Monday, July 25, 2011

Acts of Love Are Worth Much and Cost Little

Proverbs 25:11 tell us that “a word fitly spoken is like apples of gold in settings of silver.” This is perhaps one of the most apt descriptions of how a word of encouragement is received by someone who is depressed, discouraged, or feeling a sense of hopelessness. And I think if we are all honest with ourselves, all of us have been there at one time or another and have appreciated a word of encouragement from a friend or family member.

Jesus told us in John 13:35 that we would know His disciples by their love one toward the other. This was the only mark Jesus ever gave for a person who claims to be a Christian or a “little Christ.” And I suppose if you think about it, no other mark is needed as our love for one another demonstrates the gospel to its fullest capacity.

Many of the churches today fail to bring light to their dark communities because visitors sense no love among the members. Perhaps Marion Jacobsen put her finger on this missing component best when she said:

“If any group of Christians who claims to believe and practice all God has said in His Book will face up to their personal responsibility within the family of Christ, and to the real needs of Christians around them, their church will impress its community with the shining goodness of God’s love – to them AND among them. Such a transformation probably would do more to attract others to Jesus Christ than any house-to-house canvas, evangelistic campaign, or new church facility. People are hungry for acceptance, love, and friends, and unless they find them in the church, they may not stay there long enough to become personally related to Jesus Christ.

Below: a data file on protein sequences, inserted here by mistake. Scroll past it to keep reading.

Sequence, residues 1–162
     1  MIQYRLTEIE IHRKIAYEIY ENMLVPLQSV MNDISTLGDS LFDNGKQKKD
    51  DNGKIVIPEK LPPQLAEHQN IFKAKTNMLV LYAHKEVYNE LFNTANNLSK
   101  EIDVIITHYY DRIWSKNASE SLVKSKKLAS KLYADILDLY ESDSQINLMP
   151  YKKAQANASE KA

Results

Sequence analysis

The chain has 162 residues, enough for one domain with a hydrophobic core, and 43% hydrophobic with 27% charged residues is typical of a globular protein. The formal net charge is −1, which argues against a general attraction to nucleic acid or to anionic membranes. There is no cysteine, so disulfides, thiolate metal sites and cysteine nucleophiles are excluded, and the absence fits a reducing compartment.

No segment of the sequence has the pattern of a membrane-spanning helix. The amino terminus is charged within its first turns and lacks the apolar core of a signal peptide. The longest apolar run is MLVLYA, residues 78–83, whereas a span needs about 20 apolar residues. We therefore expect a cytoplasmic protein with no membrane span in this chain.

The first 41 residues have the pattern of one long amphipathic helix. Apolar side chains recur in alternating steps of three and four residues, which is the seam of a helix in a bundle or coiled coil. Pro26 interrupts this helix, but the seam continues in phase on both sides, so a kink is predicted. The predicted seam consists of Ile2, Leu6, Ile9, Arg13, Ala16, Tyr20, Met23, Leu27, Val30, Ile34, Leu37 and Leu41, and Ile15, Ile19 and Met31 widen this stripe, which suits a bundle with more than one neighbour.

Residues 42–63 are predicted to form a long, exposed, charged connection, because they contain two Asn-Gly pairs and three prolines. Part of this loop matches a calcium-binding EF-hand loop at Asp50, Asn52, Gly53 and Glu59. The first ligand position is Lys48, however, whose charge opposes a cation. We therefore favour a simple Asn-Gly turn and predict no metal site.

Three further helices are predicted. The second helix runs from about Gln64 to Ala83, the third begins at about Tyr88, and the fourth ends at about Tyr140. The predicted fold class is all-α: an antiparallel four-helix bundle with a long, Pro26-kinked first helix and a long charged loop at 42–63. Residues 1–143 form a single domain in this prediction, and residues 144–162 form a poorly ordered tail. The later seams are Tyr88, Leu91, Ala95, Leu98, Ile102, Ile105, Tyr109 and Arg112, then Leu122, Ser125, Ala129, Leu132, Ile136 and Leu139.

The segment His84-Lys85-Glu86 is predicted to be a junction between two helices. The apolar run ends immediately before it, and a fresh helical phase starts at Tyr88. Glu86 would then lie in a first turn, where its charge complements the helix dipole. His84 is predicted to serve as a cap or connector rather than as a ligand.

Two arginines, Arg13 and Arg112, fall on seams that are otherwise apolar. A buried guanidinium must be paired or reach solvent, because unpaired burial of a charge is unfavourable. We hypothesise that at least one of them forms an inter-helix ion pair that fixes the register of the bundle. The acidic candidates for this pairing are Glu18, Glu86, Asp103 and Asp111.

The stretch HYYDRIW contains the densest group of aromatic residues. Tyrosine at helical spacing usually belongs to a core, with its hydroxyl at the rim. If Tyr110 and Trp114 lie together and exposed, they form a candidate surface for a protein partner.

People are not persuaded, they are attracted. We must be able to communicate far more by what we are than by what we say.”

Mother Teresa offered a similar perspective on what ails the Western world:

“The greatest disease in the West today is not TB or leprosy; it is being unwanted, unloved, and uncared for. We can cure physical diseases with medicine, but the only cure for loneliness, despair, and hopelessness is love. There are many in the world who are dying for a piece of bread but there are many more dying for a little love. The poverty in the West is a different kind of poverty -- it is not only a poverty of loneliness but also of spirituality. There's a hunger for love, as there is a hunger for God.”

John C. Maxwell once said, “People don’t care how much you know, until they know how much you care.” The gospel message we proclaim is so much more than just quoting John 3:16 to someone. It is showing them the hands, feet, and heart of Jesus Christ. For you see, we are His representatives here and remain an example to a lost world that He truly did resurrect more than 2,000 years ago. The founding pastor of my church used to often say that you may be the only Bible anyone ever reads. I realize that it is a daunting statement but its burden in no way invalidates its reality.

Small acts done with great love are the core ingredients of the gospel. These acts provide a platform for sharing the gospel as the act itself IS the gospel in action. If you find yourself asking God to provide opportunities for you to share the gospel, start by meeting the needs of others and the door will swing wide open.
"Biblical love is not emotions or feelings, but attitudes and actions that seek the best interests of the other person."

- Jeff Bridges in The Practice of Godliness

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